Inside the house are signs that Samantha has drawn for him. One says, “I am sorry that your sick! XOXOXOXOX I love you.”
“I’ve been very honest and forthright with all of them,” Batchelder said.
To look at Batchelder, one might not assume that he is near death. His hair is wispy and his voice weak, but he can still walk and do chores, such as mow the lawn, though some days he does not have the strength to get out of bed.
This is not the life he planned when he moved to the Upper Valley four years ago to be near his father, who was ill. Batchelder grew up here, but had been away for a while. After graduating from Hartford High School in 1983, he served a stint in the Army and worked as a respiratory therapist in Ohio before returning to his roots.
Batchelder arrived in the Upper Valley in May 2009 and got a job at Keene Medical Products, a supplier of home health equipment. He was joined by Carsey several months later in September. Carsey brought their daughter Samantha, who was then 2 years old, and immediately became pregnant with Kailyn.
Carsey saw New Hampshire as a better place to raise children than Columbus, Ohio, where she grew up. And for several months, everything seemed to be going well until Dec. 14, when the family received some bad news.
Batchelder was diagnosed with colon cancer.
“There I was with a cancer diagnosis and with my girlfriend pregnant and not knowing whether I’d see that child,” Batchelder said.
It was a shock, Carsey said, but there was still hope. Batchelder underwent surgery in January and, three months later, everyone believed he was cancer-free, she said. They were mistaken.
By May 2011, Batchelder was experiencing shortness of breath. An X-ray of his chest revealed that there was an area of his lung that was cancerous. Again, he had surgery to remove the tissue and then received chemotherapy after that. Still, everyone was hopeful Batchelder would beat the disease.
The following year, however, during a routine check-up, doctors discovered that the cancer had spread to his bones. There was little hope that he could be cured.
“I had high hopes that he had beaten this cancer and would survive and live a long life with me and our children,” Carsey said in an email to the Valley News. “Now that the cancer has returned with a vengeance it is hard to keep the faith that there is going to be a miracle cure and that he will survive and beat this cancer.”
There will be one day, possibly very soon, when today’s most lethal cancers will not be a death sentence, Pipas said. Medicine is “changing at a blinding rate” and nowhere are things changing as quickly as in cancer care, he said. Dozens of articles appear every month about new research and in the next three or four years, there will be major breakthroughs in treatment.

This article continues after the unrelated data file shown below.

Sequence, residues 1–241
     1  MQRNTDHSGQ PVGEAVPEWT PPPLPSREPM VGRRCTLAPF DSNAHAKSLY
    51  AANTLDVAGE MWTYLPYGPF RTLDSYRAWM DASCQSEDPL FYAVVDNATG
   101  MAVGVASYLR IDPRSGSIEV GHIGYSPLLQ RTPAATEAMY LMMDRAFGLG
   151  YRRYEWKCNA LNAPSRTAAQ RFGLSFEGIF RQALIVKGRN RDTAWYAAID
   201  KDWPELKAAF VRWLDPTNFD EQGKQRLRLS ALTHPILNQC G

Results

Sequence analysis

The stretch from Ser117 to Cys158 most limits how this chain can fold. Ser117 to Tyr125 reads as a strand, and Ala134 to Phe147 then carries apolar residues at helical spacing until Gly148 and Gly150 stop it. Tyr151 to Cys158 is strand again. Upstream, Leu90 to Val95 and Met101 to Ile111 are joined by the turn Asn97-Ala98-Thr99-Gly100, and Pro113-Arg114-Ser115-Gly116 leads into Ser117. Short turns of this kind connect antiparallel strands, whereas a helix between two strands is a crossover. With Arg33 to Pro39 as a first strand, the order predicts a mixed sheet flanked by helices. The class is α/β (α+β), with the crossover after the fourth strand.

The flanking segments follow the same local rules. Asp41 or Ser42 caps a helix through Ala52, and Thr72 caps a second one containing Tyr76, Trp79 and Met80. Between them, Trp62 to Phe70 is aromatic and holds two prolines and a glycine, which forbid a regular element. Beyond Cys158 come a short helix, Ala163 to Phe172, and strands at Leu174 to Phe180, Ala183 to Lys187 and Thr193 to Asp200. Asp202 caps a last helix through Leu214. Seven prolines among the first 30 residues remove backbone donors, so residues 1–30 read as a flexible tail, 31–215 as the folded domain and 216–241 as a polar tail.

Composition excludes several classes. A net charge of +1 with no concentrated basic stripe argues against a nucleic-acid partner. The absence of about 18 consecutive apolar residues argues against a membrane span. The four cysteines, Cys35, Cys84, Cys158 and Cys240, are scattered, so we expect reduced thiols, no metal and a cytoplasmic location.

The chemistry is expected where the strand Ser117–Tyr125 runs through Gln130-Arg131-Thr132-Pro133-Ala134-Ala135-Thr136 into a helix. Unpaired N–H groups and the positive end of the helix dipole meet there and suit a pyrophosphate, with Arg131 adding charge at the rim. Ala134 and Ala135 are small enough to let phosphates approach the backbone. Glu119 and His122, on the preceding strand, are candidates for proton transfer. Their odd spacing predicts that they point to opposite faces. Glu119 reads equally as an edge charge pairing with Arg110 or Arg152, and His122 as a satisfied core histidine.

“I like to tell my medical students, we are just leaving the Middle Ages in oncology and we’re just moving into the Renaissance right now, where things are going to change,” Pipas said. “We’re getting away from hot pokers and boiling oil and we’re going to be moving into things that are much more elegant and less harmful for people.”
Unfortunately, those treatments are likely to come too late for Batchelder.
Long before Batchelder’s cancer was diagnosed, and ever since Carsey has known him, Batchelder has been talking about opening his own extended care facility for seniors.
He grew up in the business of senior care. Batchelder was 8 years old when his parents brought an elderly man to their home to stay and be cared for. Eventually, there were other individuals, including a woman with arthritic fingers who could still play a piano and move him to tears, and his parents established several senior living facilities in the Upper Valley.
Batchelder has a sentimental attachment to caring for older people and has discussed his vision for the business with Carsey, who works at Kendal at Hanover. But since the diagnosis, Batchelder has felt pressure to move his dream out of the clouds and make it a reality.
“I’d like to be able to get it up and started. The main purpose of it is to provide some more stability for them,” Batchelder said, pointing to Carsey and their daughters, who were sitting at the dining room table with him one afternoon in August. “Because their whole world is going to go upside down.”
Financial stability is a common concern that people who are dying have for the family they leave behind, said Sachs, of Dartmouth-Hitchcock. Perhaps it’s not as romantic as some other life goals, the “bucket list” of adventures like jumping out of an airplane or climbing Mount Everest. But it is no less important.
“For many, many people, especially people who have a strong sense of themselves as caretakers, making sure that the people they have loved are adequately provided for and protected and not left to deal with the details of an unfinished life, in terms of logistics, is very, very important,” Sachs said.
Families are an important part of those conversations, but it can be challenging to sort through individual needs, Sachs said, particularly if a family member’s goals conflict with those of the patient. The conversations can be emotional.
“For many people, it is impossibly hard to accept the fact that you’re dying. It is as hard or harder to accept the prospect that somebody that you love is dying,” Sachs said. “And you have to live with that, not only up until it happens, but after it happens.”
Carsey and Batchelder have had these conversations together, some of which “had a lot of tears in them,” Batchelder said. Even recalling them caused Carsey to pause for a moment and wipe her eyes.